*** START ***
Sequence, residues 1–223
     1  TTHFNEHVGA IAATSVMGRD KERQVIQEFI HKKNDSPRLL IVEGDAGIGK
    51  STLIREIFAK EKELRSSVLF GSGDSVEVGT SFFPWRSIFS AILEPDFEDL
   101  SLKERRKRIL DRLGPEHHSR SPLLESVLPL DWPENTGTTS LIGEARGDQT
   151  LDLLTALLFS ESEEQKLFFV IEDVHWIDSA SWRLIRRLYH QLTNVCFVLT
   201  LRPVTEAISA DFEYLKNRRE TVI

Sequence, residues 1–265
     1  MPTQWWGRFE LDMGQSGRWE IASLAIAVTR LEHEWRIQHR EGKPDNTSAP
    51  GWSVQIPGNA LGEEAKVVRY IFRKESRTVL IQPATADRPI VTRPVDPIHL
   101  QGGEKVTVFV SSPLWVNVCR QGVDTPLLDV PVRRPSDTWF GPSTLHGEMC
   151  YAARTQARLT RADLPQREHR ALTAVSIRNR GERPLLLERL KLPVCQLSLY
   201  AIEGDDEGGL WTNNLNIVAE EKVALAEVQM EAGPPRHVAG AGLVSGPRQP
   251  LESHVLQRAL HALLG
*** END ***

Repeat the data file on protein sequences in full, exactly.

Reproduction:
Sequence, residues 1–223
     1  TTHFNEHVGA IAATSVMGRD KERQVIQEFI HKKNDSPRLL IVEGDAGIGK
    51  STLIREIFAK EKELRSSVLF GSGDSVEVGT SFFPWRSIFS AILEPDFEDL
   101  SLKERRKRIL DRLGPEHHSR SPLLESVLPL DWPENTGTTS LIGEARGDQT
   151  LDLLTALLFS ESEEQKLFFV IEDVHWIDSA SWRLIRRLYH QLTNVCFVLT
   201  LRPVTEAISA DFEYLKNRRE TVI

Sequence, residues 1–265
     1  MPTQWWGRFE LDMGQSGRWE IASLAIAVTR LEHEWRIQHR EGKPDNTSAP
    51  GWSVQIPGNA LGEEAKVVRY IFRKESRTVL IQPATADRPI VTRPVDPIHL
   101  QGGEKVTVFV SSPLWVNVCR QGVDTPLLDV PVRRPSDTWF GPSTLHGEMC
   151  YAARTQARLT RADLPQREHR ALTAVSIRNR GERPLLLERL KLPVCQLSLY
   201  AIEGDDEGGL WTNNLNIVAE EKVALAEVQM EAGPPRHVAG AGLVSGPRQP
   251  LESHVLQRAL HALLG